There are two main issues (or hurdles) that currently keep me from taking this project further. Firstly, energy provisioning seems very cumbersome. Having mesh network connected illuminating cubes will require some sort of ‘always on’ component which is most likely more battery hungry than expected. Allowing the pixel display to be charged could be one solution, but then again … does the product even make sense to charge? (I came to fully understand why blink(1) chose to go USB-power only)

Secondly, the whole system would need some kind of authoring environment or setup phase. Probably this would be a web based backend system of sorts, where all owned cubes could be managed. Again, this feels very complex to create compared to the potential benefit the envisioned product might deliver. Another option is to preload the one pixel displays with a certain functionality, but that would be totally against the idea of people assigning their own meaning to the device.

So, what’s the plan?

There is no plan, I sometime think this could be a nice crowdfunding project – but to be honest I’m very hesitant about having to provide a centralised digital service over time. Maybe a service like glitch could be interesting here, as I could see people hosting their own little server somewhere … then again, it makes the whole thing a lot more complex for the lay user of this. In case I ever get the time and opportunity to spend a couple of days coding side by side with a more experienced backend person – we could probably come up with a nice prototype.

BUT – In case anyone is triggered, feel free to reach out and explore this little idea further.

Related products

  • Domestic widgets: to some extend, this product does the same using motion instead of light. Using a phyiscal chance in the enviornment is even less attention seeking, which could imply that people not aware of it won’t even notice a thing.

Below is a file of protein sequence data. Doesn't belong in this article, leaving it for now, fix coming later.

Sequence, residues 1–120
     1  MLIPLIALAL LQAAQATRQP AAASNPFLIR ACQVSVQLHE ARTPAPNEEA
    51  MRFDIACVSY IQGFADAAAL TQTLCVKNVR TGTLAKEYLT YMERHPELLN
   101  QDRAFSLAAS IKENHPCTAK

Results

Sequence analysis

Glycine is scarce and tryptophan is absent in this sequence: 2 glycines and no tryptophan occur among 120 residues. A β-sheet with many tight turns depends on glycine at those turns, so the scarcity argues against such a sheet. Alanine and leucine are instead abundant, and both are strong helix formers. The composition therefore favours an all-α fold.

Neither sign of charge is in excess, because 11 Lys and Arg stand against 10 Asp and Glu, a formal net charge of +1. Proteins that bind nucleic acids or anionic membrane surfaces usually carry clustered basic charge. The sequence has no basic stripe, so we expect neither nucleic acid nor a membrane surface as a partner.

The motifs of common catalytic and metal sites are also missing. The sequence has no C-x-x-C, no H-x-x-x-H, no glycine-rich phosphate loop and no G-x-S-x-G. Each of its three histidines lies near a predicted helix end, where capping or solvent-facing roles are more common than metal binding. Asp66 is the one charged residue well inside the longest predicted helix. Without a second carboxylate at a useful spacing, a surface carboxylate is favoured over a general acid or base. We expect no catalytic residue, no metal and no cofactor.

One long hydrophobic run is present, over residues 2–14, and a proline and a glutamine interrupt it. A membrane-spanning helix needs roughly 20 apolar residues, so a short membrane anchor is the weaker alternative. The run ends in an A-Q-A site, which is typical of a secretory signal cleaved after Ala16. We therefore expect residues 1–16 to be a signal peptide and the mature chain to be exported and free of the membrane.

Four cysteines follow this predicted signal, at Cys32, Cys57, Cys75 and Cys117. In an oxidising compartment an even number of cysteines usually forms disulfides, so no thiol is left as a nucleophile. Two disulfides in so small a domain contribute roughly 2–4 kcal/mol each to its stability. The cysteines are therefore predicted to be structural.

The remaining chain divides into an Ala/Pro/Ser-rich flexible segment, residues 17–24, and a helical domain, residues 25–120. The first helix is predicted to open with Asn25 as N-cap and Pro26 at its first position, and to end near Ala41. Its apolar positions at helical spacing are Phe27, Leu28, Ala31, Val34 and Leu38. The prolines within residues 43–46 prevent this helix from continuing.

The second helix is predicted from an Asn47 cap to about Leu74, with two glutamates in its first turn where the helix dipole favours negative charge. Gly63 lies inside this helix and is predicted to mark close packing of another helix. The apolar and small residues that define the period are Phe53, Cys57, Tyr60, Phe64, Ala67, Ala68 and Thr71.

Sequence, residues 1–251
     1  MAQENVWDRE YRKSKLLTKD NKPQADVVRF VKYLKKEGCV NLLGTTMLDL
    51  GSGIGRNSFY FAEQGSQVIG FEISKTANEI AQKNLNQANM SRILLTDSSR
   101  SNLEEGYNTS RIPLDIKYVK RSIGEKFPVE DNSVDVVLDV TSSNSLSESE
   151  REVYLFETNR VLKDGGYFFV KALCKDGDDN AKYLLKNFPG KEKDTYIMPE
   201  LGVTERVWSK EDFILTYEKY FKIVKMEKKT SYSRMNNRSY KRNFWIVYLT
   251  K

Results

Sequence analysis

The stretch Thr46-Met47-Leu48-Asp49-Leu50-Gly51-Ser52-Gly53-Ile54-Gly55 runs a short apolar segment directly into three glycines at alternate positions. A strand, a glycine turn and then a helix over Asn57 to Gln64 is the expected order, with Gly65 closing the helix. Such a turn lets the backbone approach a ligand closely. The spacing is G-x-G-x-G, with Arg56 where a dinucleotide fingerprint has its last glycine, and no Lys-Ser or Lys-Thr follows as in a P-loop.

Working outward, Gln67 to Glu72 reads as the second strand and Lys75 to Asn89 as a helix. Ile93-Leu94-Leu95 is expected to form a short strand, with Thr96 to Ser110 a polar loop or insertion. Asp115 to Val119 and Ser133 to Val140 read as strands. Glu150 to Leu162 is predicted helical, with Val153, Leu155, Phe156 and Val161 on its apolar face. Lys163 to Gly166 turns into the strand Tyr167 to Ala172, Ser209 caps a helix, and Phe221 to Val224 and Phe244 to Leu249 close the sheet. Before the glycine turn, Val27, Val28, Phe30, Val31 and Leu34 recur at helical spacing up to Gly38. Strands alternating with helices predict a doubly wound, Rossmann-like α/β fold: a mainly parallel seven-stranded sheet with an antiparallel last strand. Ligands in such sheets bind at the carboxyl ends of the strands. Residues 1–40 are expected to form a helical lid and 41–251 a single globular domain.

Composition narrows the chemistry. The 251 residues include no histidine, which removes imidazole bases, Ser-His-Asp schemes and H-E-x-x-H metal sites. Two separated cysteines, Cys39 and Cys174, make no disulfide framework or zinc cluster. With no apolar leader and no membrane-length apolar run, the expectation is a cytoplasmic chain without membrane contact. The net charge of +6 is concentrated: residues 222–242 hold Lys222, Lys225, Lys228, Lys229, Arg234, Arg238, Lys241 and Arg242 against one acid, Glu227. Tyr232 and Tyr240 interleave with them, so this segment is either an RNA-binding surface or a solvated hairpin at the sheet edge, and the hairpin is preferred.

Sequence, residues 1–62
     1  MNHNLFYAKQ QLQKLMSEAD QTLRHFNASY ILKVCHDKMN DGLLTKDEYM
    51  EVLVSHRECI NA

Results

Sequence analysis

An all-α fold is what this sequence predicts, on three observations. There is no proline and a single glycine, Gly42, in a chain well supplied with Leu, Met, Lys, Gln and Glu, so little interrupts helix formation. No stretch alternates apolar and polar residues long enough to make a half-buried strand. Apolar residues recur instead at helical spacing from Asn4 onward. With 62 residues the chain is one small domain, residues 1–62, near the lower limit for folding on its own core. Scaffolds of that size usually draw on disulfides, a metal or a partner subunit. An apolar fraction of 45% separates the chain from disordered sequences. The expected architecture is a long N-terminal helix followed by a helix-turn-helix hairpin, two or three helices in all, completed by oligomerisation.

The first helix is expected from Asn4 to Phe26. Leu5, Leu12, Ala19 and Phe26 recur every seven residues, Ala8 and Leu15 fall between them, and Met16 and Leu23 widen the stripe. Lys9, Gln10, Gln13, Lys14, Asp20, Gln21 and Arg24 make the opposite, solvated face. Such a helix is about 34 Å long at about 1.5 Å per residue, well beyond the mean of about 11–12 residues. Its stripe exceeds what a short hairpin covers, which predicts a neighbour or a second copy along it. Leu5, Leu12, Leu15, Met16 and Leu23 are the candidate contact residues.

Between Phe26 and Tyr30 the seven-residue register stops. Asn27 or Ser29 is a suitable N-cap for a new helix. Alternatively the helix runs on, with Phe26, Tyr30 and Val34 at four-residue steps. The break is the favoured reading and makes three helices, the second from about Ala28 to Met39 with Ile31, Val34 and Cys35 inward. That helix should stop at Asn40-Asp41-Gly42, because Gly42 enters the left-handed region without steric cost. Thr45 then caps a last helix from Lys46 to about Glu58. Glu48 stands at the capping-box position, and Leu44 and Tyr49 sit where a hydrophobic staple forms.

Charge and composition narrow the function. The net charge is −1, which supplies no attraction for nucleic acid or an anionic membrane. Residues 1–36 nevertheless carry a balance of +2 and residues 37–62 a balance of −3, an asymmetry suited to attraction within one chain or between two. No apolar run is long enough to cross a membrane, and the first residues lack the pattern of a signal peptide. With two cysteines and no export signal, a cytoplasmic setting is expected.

• GoodNightLamp: I’ve been a long time goodnightlamp fanboy, but in relation to the one pixel display, goodnightlamp already covers a fair bit the ‘meaning’ stuff I mentioned. There is no convention of how the product should be used, a lot of it is based on socially constructed ‘rules’. Turning a lamp on or off does not necessarily need to match 1:1 to a status of being present or away.
  • Siftables / Sifteo: Cubes with a display, they have been around for a while and offer the same possiblity. Seems like the company folded in 2014, which kind of highlights the inevitable ‘temporality’ of such devices.
  • Minut/Point: a home security system using audio as the prime sensor – it’s an interesting device because in a home environment is looks rather ambiguous. As a home owner you know the function of the device, but visitors probably have no clue.
  • Cube world: A set of cubes that can be connected together to form a digital ‘ecosystem’ of stick people living together. These are designed to communicate to each other, and become more interactive the more cubes are connected to each other.
  • Blink(1): Mentioned before, it’s interesting that they choose USB as a default – doing so the device overcomes some technological hurdles. At the same time it becomes ‘tied’ to a computer and is much harder to imagine in an actual home environment.
  • Busylight: Although I’m not entirely sure what I think about this product, functionality wise, it is an excellent example of an existing one pixel display. It’s a little odd that the product was created as a reaction to a social change (the open plan office).